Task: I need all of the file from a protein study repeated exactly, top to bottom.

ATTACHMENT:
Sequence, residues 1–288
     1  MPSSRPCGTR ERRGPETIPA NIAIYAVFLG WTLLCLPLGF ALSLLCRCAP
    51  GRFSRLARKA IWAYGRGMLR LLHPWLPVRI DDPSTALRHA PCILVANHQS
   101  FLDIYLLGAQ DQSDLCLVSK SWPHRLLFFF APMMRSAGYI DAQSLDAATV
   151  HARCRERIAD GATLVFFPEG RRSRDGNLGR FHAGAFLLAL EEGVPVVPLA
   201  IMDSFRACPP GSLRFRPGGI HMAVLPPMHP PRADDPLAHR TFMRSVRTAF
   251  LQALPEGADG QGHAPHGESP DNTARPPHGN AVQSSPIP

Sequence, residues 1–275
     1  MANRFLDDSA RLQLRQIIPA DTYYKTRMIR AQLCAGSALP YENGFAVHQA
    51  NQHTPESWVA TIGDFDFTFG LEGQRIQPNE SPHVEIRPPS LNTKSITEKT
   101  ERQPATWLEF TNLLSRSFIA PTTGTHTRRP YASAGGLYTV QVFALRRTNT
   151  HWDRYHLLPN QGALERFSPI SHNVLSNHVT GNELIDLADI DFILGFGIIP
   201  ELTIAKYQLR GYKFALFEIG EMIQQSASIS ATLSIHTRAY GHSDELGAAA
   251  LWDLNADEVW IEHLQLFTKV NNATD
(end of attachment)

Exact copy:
Sequence, residues 1–288
     1  MPSSRPCGTR ERRGPETIPA NIAIYAVFLG WTLLCLPLGF ALSLLCRCAP
    51  GRFSRLARKA IWAYGRGMLR LLHPWLPVRI DDPSTALRHA PCILVANHQS
   101  FLDIYLLGAQ DQSDLCLVSK SWPHRLLFFF APMMRSAGYI DAQSLDAATV
   151  HARCRERIAD GATLVFFPEG RRSRDGNLGR FHAGAFLLAL EEGVPVVPLA
   201  IMDSFRACPP GSLRFRPGGI HMAVLPPMHP PRADDPLAHR TFMRSVRTAF
   251  LQALPEGADG QGHAPHGESP DNTARPPHGN AVQSSPIP

Sequence, residues 1–275
     1  MANRFLDDSA RLQLRQIIPA DTYYKTRMIR AQLCAGSALP YENGFAVHQA
    51  NQHTPESWVA TIGDFDFTFG LEGQRIQPNE SPHVEIRPPS LNTKSITEKT
   101  ERQPATWLEF TNLLSRSFIA PTTGTHTRRP YASAGGLYTV QVFALRRTNT
   151  HWDRYHLLPN QGALERFSPI SHNVLSNHVT GNELIDLADI DFILGFGIIP
   201  ELTIAKYQLR GYKFALFEIG EMIQQSASIS ATLSIHTRAY GHSDELGAAA
   251  LWDLNADEVW IEHLQLFTKV NNATD